Saturday, March 11, 2006

Vampires and the Cross Part One

or The Part Holy Symbols have to Play in the Vampire Genre

It is an iconic image the vampire, resplendent in his formal evening wear, lifts his heavy cloak as shield to his reddened eyes. The brave hunter steps forward, cross held high. The holy symbol seems to glow with the very power of the God it represents as the vampire, angry hisses escaping his pale lips and sharp teeth, is pushed back… back… back…

Perhaps the hunter actually reaches his prey. Then the heavy metal cross is thrust against the pallid undead flesh. A scream, primal and furious yet underpinned with abject terror, rips from the vampire’s throat and resonates through the dusty air of the crypt. Beneath the scream is another sound, subtler, a sizzling as flesh burns and sloughs from the face and the image of the cross is embossed in the vampire’s features.

Yet, as the world has moved forward has the vampire’s reaction to all things holy evolved?

We start, as always, with “Dracula”. Bram Stoker’s novel was very much a product of its time. The power of the novel comes from the fact that despite this, rather than because of it, the bare bones of the story still resonate with us today.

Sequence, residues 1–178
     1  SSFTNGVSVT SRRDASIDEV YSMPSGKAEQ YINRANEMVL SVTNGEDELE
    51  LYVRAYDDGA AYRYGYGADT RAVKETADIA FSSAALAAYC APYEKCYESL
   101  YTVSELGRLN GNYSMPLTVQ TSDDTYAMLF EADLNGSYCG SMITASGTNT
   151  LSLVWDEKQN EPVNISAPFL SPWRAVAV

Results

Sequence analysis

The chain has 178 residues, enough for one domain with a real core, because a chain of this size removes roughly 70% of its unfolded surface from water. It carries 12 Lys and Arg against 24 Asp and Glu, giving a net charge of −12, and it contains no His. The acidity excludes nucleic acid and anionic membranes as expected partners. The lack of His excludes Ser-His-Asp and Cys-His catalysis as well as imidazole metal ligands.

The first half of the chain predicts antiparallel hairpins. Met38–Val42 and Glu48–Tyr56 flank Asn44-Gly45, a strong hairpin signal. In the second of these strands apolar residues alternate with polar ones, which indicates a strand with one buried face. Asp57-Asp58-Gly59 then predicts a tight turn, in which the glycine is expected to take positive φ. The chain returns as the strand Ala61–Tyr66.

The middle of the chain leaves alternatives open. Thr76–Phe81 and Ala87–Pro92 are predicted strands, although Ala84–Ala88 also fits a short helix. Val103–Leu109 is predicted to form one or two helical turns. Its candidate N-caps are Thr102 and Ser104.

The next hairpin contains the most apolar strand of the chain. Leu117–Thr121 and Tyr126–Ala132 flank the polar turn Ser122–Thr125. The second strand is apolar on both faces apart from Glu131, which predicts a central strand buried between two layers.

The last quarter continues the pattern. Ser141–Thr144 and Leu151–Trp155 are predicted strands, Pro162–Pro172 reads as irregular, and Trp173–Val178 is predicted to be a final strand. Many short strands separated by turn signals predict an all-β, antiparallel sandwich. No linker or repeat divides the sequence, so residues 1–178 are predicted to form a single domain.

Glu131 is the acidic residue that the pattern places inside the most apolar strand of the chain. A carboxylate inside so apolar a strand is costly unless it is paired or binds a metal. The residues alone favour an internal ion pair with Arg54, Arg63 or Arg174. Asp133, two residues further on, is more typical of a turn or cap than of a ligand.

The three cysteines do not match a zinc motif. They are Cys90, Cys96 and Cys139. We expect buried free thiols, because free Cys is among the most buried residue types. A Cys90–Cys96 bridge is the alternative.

Despite a distinct lack of clergy, “Dracula” places a lot of faith (if you’ll excuse the pun) in holy symbols. Often, however, it is the host – rather than the cross – that is used by Van Helsing. The Count’s boxes of earth are purified with fragments of the host. Further, when Mina’s blood is corrupted by Dracula, a host placed upon her forehead burns her flesh.

“On your forehead I touch this piece of Sacred Wafer in the name of the Father, the Son, and …’ There was a fearful scream which almost froze our hearts to hear. As he had placed the Wafer on Mina’s forehead, it had seared it … had burned into the flesh as though it had been a piece of white-hot metal.”

Bram Stoker - Dracula

This burn is livid and will not fade until Dracula is destroyed and his stain removed. It is interesting, perhaps, that this shows the power of Christ’s flesh against flesh corrupted by the undead.

Van Helsing places the holy wafer at the door of Lucy’s crypt in order to prevent her re-entering her resting place until such time as he is ready.

“He crumbled the wafer up fine and worked it into the mass between his hands. This he then took, and rolling it into thin strips, began to lay them into the crevices between the door and its setting in the tomb. I was somewhat puzzled at this, and being close, asked him what it was that he was doing. Arthur and Quincey drew near also, as they too were curious.

“He answered, ‘I am closing the tomb so that the UnDead may not enter.’”

Bram Stoker - Dracula

Of course he does, in this same scene, hold Lucy at bay with a golden crucifix and Stoker was quite happy to make use of the cross in his story.

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